Bexley Labour group ‘dismayed’ as figures show council has not resettled any Syrian refugees
PUBLISHED: 09:34 03 August 2016 | UPDATED: 09:34 03 August 2016
© Gulay Sakalli
A new report claims local authorities are not pulling their weight in resettling refugees
Bexley Labour councillors have expressed their dismay at the council’s record on resettling Syrian refugees as a report revealed the borough has not taken on any families under a government-backed scheme.
The House of Commons Home Affairs Committee’s report says local authorities are not ‘pulling their weight’ in resettling Syrian refugees, jeopardising the government’s target of resettling 20,000 Syrians by 2020.
Labour leader Alan Deadman said: “Bexley Labour Group were dismayed some time ago when the Tory-led council said that there is no room in Bexley for asylum seekers. We had hoped that they would have found room to take a number of those legally entitled to be in the country.”
Launched in 2015, the Syrian Vulnerable Persons Relocation Scheme aimed to ensure an ‘equitable distribution’ of refugees so no local authority bore a disproportionate share of the burden.
Yet the figures reveal a wide disparity between the number of refugees accepted across the UK.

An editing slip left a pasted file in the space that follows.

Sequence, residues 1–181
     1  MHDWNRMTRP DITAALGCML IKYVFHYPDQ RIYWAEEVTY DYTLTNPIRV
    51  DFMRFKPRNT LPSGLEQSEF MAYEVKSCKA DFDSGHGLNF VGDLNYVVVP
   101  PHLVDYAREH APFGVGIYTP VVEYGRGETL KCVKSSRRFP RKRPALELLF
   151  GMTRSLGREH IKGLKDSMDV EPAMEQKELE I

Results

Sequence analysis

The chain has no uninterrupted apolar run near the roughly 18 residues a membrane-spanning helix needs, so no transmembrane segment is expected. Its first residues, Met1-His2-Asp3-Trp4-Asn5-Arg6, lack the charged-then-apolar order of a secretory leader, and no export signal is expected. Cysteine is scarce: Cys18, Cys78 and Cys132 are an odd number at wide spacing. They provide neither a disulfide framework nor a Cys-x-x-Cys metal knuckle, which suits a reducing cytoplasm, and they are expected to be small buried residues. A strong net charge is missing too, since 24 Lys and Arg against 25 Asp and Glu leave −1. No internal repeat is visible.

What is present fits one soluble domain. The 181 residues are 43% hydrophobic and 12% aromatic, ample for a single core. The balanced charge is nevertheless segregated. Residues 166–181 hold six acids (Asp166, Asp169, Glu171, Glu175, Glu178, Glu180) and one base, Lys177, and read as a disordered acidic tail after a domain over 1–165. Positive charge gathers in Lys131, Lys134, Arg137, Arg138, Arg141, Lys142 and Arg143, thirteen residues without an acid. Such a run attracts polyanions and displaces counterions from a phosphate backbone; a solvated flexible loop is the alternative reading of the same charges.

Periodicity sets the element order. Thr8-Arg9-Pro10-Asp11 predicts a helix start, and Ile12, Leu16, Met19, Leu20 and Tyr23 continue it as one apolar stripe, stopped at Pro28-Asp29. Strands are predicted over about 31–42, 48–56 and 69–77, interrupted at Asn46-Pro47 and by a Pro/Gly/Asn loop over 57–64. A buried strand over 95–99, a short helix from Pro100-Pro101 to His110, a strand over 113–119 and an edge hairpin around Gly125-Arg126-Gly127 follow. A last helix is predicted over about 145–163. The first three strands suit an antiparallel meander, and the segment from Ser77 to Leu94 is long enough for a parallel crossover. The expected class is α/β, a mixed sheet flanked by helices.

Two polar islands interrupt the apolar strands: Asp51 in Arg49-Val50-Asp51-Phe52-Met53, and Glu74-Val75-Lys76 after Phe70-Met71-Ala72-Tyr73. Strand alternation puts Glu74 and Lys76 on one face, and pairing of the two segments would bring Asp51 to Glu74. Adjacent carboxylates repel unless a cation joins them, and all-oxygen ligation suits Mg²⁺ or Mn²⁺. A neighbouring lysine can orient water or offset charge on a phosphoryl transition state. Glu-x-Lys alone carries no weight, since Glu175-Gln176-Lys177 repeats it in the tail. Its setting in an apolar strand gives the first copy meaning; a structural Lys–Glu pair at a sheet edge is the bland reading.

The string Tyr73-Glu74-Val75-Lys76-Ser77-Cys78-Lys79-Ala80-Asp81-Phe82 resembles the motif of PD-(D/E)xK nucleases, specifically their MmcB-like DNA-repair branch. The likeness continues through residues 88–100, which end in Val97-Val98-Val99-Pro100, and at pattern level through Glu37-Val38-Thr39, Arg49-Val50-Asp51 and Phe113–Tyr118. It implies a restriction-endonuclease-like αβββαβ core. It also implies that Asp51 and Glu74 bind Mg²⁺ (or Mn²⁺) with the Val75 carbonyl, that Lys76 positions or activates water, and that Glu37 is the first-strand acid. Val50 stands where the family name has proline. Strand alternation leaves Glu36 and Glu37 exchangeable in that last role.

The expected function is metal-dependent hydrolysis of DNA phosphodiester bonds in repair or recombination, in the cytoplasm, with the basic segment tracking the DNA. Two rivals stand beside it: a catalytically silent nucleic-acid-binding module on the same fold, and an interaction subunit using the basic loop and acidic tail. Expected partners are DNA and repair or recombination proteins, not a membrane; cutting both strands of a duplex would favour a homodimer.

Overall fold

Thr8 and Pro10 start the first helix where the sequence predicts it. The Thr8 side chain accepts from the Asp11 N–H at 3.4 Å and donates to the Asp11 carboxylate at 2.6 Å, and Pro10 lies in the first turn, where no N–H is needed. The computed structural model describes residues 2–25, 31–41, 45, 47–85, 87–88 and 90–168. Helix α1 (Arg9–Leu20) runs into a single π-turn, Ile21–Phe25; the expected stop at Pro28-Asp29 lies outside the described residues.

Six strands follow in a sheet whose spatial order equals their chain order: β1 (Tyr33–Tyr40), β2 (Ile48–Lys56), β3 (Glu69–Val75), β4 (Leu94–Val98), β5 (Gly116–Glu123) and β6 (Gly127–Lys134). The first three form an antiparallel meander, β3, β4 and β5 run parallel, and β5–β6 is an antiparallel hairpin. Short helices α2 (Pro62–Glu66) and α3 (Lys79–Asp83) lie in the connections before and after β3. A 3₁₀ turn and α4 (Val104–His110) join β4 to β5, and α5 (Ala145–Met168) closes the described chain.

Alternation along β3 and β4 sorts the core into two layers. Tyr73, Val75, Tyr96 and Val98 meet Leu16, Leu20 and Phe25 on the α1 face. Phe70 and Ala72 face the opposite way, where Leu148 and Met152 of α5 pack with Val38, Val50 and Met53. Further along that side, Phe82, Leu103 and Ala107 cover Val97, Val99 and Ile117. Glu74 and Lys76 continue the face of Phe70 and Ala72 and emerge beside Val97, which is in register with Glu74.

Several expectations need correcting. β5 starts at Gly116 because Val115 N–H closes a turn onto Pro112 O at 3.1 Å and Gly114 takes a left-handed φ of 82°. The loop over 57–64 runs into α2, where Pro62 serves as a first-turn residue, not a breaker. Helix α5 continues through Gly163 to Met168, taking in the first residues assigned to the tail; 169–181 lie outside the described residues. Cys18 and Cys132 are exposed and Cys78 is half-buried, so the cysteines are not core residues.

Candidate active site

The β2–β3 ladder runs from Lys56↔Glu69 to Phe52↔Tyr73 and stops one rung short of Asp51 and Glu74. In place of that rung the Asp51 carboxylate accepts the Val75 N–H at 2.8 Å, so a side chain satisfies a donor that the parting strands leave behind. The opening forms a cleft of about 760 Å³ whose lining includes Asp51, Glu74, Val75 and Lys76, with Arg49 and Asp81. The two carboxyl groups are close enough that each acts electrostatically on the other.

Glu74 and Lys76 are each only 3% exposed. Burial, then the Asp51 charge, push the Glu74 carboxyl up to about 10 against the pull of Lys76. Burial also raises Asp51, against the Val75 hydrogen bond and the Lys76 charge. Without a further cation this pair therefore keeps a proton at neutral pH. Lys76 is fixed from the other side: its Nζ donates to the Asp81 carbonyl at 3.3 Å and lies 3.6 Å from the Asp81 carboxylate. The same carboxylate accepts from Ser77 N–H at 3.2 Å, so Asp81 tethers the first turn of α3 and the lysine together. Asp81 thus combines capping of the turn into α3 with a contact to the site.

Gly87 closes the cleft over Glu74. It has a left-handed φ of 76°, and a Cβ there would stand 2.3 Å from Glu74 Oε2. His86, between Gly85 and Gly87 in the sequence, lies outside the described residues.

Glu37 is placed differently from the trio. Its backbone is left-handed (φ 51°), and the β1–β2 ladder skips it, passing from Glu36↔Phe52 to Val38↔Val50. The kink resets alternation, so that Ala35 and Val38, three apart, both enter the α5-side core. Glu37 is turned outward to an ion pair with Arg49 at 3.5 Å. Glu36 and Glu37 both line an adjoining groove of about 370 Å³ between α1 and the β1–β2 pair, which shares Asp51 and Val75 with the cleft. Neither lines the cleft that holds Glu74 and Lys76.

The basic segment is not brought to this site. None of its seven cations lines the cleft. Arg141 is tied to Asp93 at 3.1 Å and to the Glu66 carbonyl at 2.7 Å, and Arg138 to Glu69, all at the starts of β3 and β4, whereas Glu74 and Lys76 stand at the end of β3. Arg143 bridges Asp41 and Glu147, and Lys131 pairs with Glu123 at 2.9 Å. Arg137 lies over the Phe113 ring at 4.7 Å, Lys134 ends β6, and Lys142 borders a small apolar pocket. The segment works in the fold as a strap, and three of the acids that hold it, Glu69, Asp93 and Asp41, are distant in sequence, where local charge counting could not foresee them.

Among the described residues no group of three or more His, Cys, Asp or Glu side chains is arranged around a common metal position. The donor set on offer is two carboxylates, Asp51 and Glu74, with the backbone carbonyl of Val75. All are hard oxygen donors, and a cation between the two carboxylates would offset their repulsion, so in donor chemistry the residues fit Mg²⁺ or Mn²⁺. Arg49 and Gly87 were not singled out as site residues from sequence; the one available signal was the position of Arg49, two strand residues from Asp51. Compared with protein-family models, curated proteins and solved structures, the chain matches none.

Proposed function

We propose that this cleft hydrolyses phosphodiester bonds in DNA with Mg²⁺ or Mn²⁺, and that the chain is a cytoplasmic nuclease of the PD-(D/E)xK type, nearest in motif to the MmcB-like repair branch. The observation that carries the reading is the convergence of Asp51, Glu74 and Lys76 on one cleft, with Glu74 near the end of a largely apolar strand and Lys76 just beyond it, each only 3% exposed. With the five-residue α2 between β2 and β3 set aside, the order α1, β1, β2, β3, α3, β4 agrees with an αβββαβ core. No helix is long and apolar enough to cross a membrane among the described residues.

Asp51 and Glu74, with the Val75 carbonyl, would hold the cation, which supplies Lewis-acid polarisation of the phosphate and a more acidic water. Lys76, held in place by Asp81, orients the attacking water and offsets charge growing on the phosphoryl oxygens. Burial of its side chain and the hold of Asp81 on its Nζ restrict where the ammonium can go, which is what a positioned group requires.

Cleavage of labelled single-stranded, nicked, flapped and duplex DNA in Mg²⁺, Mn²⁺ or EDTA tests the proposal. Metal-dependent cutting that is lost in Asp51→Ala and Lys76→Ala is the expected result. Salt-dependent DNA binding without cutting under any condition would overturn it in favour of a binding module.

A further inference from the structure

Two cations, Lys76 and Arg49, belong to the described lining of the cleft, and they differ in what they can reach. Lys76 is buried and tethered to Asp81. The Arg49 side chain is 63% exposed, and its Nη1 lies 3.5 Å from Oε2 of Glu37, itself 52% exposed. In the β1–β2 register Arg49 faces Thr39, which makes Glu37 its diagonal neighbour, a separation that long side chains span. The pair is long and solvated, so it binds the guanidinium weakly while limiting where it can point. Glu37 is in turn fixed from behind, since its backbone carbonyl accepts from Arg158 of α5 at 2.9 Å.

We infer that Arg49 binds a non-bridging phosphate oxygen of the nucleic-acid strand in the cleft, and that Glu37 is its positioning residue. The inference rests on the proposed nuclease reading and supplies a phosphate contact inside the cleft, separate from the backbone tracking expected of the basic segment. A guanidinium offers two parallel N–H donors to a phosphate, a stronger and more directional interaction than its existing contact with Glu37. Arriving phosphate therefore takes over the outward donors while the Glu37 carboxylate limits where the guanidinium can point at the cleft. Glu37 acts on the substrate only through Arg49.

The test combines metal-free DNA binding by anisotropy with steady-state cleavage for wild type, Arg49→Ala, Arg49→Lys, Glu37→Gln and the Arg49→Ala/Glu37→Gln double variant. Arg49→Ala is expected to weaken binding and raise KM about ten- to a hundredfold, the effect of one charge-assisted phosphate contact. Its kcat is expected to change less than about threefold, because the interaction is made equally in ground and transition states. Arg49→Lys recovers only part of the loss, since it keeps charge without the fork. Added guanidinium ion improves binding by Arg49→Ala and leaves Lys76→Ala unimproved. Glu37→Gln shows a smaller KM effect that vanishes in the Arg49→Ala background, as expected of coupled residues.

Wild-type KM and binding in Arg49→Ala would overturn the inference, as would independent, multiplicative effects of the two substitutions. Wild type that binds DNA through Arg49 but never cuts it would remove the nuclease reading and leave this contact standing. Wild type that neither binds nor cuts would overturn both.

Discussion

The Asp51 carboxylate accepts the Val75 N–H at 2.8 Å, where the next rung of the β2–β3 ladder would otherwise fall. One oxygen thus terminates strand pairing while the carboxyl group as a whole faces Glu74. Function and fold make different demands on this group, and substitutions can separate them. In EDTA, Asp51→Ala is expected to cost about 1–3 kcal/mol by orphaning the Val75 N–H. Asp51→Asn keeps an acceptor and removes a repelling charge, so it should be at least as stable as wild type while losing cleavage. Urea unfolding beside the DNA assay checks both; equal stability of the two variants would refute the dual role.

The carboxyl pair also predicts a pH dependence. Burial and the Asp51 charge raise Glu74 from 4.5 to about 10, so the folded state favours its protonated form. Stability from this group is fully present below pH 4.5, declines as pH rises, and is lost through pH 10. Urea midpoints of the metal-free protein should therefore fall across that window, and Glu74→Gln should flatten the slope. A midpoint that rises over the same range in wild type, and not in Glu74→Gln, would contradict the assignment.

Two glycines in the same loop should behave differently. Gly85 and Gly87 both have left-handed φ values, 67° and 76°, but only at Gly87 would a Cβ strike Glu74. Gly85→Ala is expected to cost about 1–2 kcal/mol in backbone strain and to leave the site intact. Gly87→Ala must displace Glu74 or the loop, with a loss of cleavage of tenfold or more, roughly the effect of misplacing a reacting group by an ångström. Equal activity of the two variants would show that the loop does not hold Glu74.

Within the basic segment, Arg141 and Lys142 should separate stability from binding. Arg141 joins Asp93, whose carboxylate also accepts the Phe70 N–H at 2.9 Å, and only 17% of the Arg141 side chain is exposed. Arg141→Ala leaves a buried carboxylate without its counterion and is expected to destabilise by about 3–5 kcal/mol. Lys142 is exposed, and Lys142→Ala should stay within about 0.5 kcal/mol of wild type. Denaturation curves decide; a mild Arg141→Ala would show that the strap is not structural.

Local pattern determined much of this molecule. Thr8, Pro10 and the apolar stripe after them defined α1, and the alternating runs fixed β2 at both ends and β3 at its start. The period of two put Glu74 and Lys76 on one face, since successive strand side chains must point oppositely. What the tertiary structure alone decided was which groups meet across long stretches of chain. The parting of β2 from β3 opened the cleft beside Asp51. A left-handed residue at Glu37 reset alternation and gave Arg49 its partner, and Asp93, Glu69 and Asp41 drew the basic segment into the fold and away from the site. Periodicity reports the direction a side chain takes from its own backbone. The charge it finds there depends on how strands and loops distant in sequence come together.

Coventry has resettled the most refugees (105), with Nottingham (81), Renfrewshire (68) and Gateshead (62) also accepting large numbers.
Only four Greater London boroughs - Barnet, Camden, Islington and Kingston-Upon-Thames - have so far accepted any refugees.
A spokesperson for Bexley Council said: “We have great sympathy for the people fleeing Syria.
“As you will be aware, the government and international agencies are working hard to support refugees in the region.
“There continues to be limited capacity to house refugees in Bexley given the growing number of homeless people we are trying to find homes for. We now have more than 800 households in temporary and emergency accommodation, a number of which have had to be located outside the borough.
“Bexley is currently supporting some Syrian and other unaccompanied asylum seeking children. We have not refused to help Syrian refugee households and we will continue to monitor the situation closely, but we would want to be confident that other needs – such as school places, health and social care – could also be met should we offer assistance.
“We continue to be mindful of the financial constraints on the Council due to reducing government grant, increased demand and unfunded new responsibilities.”
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